This deserves wider attention, especially at a moment when the stupid, stupid Republican leadership has convinced itself that its real problem with the electorate is being insufficiently pro-amnesty.

“One after another, [business owners who were invited to speak] talked about the business they had built. But not a single—not a single —factory worker went out there,” Santorum told a few hundred conservative activists at an “after-hours session” of the Faith and Freedom Coalition conference in Washington. “Not a single janitor, waitress or person who worked in that company! We didn’t care about them. You know what? They built that company too! And we should have had them on that stage.”…

“When all you do is talk to people who are owners, talk to folks who are ‘Type As’ who want to succeed economically, we’re talking to a very small group of people,” he said. “No wonder they don’t think we care about them. No wonder they don’t think we understand them. Folks, if we’re going to win, you just need to think about who you talk to in your life.”…

“Our leaders don’t accurately reflect who we are,” he said. “They reflect the interest groups around here who are lobbying for an advantage. Everyone who is up here is wanting an edge for their company or their industry. We’ve got to get away from that.”

“This makes so much sense to me,” writes Mollie Hemingway, “that I am confused as to how the GOP and Romney messed it up so badly last year.” I think I can explain that. The reason it caught on with the GOP, at least in part, is because it caught on first with grassroots ideologues like me. I thought, and do think, that O’s “you didn’t build that” line was a window onto his essential statism, an unusually blunt expression of contempt for private initiative. It’s one thing to demand higher taxes for the rich, it’s another to deny entrepreneurs, even rhetorically, the credit they deserve for having taken great risk to build wealth-generating enterprises. If you’re a true-believing libertarian-leaning capitalist, it’s Obama at his sneering liberal worst. But here’s the thing, and it’s something I’m reminded of constantly: Most voters aren’t ideologues. One of the lessons of last year’s campaign was that 99 percent of the daily “gaffes” and kerfuffles that political media, left and right, regularly wets its pants over mean next to nothing to the average joe. If you’re going to devote an entire convention to the other guy’s allegedly damning gaffe, you’d best be sure that gaffe is really, really damning in the eyes of most voters. It is to an ideologue like me and to America’s proud entrepreneurs. What about the other 80 percent of the electorate?

Santorum’s making a point here that should be prosaic among prominent Republicans by now but which, apart from occasional gestures from Eric Cantor and speeches by Bobby Jindal, remains mostly overlooked: You need to win America’s wage-earners too. Gun rights are great and border security is excellent, but expecting the masses who are earning 15 bucks an hour to rally behind a message that Obama’s too hard on their bosses is expecting a lot. It’s hard for an ideologue like me who works in political media to keep his eye on that particular ball in the middle of a campaign, when he’s at virtual war with the ideologues on the other side every day. The question is, why was it hard for Team Romney? Mitt is many things but an ideologue isn’t one of them. His guys were paid, very handsomely, to come up with a message that would win, ideological or not. Romney’s whole selling point with conservatives, in fact, was his alleged electability; the party nominated him in the full expectation that he’d move to the center for the general election, so he had nothing to fear by ignoring one of their ideological hobbyhorses. And yet somehow he and his advisors decided that going all in against “you didn’t build that” at the convention was the way to go. Why? Romney’s core political identity was that he’d say anything to win. Why did he think that making a stink about that would help him do it?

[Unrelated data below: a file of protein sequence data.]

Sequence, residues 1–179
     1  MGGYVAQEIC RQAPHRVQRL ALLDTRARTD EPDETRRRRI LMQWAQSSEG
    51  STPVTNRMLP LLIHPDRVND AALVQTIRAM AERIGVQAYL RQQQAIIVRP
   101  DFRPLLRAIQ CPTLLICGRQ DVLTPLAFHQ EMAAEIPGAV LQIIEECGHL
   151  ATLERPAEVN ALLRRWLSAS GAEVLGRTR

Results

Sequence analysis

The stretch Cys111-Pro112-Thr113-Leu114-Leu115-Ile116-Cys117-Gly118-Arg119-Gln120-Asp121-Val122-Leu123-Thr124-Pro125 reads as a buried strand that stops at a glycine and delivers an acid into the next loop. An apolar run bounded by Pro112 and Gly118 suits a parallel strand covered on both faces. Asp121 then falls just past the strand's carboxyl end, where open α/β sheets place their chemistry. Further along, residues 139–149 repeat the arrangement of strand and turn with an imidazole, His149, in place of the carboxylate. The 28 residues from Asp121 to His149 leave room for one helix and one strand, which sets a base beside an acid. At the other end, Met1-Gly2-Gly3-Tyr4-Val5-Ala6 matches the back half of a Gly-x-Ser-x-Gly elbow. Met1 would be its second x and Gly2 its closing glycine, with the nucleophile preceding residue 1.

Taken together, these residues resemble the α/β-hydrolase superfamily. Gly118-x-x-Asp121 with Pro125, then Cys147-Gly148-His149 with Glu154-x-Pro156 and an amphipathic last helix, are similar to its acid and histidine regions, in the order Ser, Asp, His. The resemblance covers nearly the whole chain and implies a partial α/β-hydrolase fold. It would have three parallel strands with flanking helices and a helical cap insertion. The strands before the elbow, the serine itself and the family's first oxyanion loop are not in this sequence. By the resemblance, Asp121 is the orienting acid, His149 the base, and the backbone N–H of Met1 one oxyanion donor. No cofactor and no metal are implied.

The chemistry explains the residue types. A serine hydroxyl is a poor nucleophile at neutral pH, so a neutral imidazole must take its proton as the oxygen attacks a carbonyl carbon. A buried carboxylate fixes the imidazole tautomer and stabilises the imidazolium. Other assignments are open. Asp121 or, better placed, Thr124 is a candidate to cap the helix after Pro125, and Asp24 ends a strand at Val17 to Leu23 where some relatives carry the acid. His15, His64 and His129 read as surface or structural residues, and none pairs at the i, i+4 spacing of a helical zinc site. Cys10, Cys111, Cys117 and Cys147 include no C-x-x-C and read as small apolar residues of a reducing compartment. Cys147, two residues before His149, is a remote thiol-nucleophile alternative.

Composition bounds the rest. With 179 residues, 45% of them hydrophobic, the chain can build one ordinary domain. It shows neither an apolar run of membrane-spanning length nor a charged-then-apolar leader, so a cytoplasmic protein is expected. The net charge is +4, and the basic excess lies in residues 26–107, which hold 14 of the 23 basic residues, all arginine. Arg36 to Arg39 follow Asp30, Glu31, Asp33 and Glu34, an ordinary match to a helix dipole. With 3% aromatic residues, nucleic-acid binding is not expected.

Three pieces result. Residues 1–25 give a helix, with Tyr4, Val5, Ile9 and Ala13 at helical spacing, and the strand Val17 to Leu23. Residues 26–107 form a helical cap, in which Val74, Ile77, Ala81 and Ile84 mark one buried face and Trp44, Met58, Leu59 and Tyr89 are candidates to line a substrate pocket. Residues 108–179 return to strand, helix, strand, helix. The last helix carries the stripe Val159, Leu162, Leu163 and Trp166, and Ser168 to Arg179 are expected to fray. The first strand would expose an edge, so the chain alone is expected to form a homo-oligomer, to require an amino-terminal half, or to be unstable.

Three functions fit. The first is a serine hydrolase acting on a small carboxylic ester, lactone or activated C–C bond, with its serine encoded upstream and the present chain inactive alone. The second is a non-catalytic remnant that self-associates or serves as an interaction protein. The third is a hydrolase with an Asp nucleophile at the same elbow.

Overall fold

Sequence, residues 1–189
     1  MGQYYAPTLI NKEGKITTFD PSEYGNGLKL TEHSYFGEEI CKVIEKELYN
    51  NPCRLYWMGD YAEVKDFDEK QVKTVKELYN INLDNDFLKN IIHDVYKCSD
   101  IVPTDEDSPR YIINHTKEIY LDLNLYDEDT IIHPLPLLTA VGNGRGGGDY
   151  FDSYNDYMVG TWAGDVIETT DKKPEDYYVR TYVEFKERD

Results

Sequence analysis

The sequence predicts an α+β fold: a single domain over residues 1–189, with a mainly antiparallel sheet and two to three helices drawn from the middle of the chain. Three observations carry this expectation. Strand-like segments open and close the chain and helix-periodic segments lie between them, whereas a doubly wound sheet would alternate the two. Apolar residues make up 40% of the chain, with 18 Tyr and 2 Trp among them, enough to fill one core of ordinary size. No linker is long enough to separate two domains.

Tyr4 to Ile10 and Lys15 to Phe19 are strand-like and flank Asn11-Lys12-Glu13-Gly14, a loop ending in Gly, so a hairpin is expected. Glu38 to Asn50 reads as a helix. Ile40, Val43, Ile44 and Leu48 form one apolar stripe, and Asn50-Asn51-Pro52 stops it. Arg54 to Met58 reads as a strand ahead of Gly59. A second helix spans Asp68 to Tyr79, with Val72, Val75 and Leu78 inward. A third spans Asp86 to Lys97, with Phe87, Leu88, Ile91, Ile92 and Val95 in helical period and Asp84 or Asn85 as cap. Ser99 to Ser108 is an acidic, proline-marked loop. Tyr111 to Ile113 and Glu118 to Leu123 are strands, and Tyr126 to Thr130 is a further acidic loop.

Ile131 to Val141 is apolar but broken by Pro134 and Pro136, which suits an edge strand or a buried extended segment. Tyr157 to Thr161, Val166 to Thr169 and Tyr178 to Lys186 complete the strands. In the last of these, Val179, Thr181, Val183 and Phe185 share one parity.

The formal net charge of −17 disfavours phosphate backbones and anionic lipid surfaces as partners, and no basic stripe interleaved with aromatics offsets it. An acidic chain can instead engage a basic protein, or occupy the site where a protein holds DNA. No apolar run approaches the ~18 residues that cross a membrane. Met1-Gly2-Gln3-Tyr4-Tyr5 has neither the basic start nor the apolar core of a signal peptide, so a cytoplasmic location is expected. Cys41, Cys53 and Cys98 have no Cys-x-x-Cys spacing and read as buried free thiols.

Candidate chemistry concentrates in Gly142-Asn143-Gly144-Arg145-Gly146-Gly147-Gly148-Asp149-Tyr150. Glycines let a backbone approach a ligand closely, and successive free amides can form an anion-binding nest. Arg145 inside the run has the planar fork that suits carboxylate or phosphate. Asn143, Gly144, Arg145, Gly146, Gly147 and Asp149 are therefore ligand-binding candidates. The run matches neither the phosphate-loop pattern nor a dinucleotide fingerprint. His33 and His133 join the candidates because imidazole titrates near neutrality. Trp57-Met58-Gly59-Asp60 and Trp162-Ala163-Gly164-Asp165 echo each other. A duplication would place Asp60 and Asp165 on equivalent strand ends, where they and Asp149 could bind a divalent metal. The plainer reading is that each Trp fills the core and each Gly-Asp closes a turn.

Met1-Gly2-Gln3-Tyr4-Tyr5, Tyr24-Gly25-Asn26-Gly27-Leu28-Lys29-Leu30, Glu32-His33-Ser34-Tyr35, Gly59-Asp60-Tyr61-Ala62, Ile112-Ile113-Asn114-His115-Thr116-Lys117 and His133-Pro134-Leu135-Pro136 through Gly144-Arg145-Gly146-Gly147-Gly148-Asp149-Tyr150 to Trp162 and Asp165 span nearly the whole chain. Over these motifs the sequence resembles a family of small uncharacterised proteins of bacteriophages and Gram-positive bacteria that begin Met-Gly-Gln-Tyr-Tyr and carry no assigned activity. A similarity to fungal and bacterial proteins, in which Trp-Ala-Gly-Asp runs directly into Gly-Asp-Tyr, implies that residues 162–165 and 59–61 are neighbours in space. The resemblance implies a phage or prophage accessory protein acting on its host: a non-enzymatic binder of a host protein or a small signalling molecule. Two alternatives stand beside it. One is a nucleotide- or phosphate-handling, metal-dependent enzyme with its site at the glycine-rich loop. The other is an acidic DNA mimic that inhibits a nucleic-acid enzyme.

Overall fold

One footnote to all this. As much as I hate what Rubio’s doing with the immigration reform, I’m paradoxically reassured by the fact that he seems to realize it won’t much hurt him in 2016. Ideologues like me will hold it against him, but if your goal is getting elected president, who cares what ideologues think? We couldn’t stop either Romney or John McCain(!) from being nominated in the last two cycles and we’ll be the first ones at the polls on election day 2016 to pull the lever for the nominee, even if it’s Marco “Legalization First” Rubio. He doesn’t need to impress us, he needs to impress the non-ideological middle class. How he plans to do that by effectively amnestizing a huge new labor supply is … unclear to me, but voters do seem to think that immigration reform is pretty nifty. If he figures out a way to talk to blue-collar voters, he’ll be very viable. Amnesty or no.